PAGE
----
Even though we ARE Nikon lovers,we are NOT affiliated with Nikon Corp. in any way.

English German French

Sign up Login
Home Forums Articles Galleries Recent Photos Contest Help Search News Workshops Shop Upgrade Membership Recommended
members
All members Wiki Contests Vouchers Apps Newsletter THE NIKONIAN™ Magazines Podcasts Fundraising

The penalty of raising ISO

ericbowles

Atlanta, US
10538 posts

Click to send email to this author Click to send private message to this author
ericbowles Moderator Awarded for his in-depth knowledge and high level skills in various areas, especially Landscape and Wildlife Photoghraphy Writer Ribbon awarded for for his article contributions to the community Donor Ribbon awarded for his very generous support to the Fundraising Campaign 2015 Nikonian since 25th Nov 2005
Sat 11-Jan-14 05:36 PM

We talk a lot about the great ISO performance of the D800, but its easy to ignore the tradeoffs.

The D800 is particularly good at not creating noise in the shadows when you raise ISO. I'm pretty comfortable at ISO 800-1600, and readily go beyond that level.

But as we increase ISO, we lose dynamic range. Based on Bill Claff's data, for every stop ISO is increased, we lose nearly 0.75 stops of dynamic range. So in essence, the EV is largely fixed based on shutter and aperture selection, and increasing ISO is simply adding amplification for all exposure values.

http://home.comcast.net/~nikond70/Charts/PDR.htm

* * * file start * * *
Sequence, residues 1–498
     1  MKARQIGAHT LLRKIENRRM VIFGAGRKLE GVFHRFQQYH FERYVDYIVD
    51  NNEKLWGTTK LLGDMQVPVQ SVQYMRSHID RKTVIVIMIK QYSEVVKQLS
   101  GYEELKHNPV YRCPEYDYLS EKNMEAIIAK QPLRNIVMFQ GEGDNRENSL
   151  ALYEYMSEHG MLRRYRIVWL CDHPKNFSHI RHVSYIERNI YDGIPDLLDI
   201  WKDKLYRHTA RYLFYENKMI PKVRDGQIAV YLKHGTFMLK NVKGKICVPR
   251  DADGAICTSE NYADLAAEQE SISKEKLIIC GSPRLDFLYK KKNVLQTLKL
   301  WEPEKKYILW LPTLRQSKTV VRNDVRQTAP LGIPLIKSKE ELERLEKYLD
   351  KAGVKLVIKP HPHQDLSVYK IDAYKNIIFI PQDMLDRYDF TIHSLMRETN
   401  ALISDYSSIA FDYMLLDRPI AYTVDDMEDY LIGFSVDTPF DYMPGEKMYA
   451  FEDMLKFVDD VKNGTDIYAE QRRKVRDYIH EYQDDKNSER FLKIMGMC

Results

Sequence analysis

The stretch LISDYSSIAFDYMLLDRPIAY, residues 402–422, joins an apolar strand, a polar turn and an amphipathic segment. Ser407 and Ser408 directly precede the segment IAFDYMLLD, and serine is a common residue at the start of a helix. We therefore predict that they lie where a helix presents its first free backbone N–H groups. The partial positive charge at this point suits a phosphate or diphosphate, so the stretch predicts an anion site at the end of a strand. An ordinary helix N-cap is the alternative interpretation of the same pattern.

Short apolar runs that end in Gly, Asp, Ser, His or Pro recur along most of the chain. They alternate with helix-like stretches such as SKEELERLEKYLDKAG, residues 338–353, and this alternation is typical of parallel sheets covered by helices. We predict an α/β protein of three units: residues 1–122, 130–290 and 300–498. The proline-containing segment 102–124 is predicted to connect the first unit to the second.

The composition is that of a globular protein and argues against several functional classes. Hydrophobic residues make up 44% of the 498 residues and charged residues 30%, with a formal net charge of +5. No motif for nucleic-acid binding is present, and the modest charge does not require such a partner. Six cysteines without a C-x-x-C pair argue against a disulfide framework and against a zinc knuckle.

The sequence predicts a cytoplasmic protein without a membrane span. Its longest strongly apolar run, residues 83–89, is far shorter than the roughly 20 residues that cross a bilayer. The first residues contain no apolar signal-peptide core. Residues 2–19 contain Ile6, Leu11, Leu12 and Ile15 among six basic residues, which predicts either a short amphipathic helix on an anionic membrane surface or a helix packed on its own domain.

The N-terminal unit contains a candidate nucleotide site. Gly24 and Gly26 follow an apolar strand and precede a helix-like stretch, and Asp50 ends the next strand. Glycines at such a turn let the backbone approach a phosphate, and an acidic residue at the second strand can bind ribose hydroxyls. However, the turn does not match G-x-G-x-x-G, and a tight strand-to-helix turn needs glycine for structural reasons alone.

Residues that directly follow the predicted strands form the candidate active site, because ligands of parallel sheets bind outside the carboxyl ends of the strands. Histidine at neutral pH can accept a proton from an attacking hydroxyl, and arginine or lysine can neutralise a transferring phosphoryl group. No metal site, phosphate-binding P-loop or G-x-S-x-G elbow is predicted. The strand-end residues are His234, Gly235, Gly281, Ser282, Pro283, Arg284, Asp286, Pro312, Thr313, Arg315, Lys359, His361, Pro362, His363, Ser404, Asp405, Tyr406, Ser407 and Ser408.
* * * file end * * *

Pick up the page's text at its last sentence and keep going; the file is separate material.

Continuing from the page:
I find we are a bit too free to increase ISO at the expense of dynamic range.

This has some practical application. With a D800, if a scene has a difference of 8 stops between the brightest and darkest areas, we need to keep ISO at 1200 or lower to have 8 stops of dynamic range. Above ISO 1200, the dynamic range of the scene exceeds our ability to record the image. The results are about the same for a D4.

With a D7000, you would need to shoot at ISO 500 or lower to capture the 8 stops of dynamic range.

You might use spot metering to estimate the difference between brightest and darkest areas of a scene, but that probably will take some practice as most of the time bright and dark areas have some variation.

This suggests that expose to the right is a good strategy at base ISO, but less so if you have to increase ISO since it decreases dynamic range.

By the way - has anyone heard from Bill Claff? I sent him an email recently because he has not been active here. I got no response.

Eric Bowles
Nikonians Team
My Gallery
2014 Workshops - Spring in the Smokies

Nikonians membership — my most important photographic investment, after the camera

Subject
ID
Reply message RE: The penalty of raising ISO
1
Reply message RE: The penalty of raising ISO
2
     Reply message RE: The penalty of raising ISO
3
Reply message RE: The penalty of raising ISO
4
Reply message RE: The penalty of raising ISO
5

G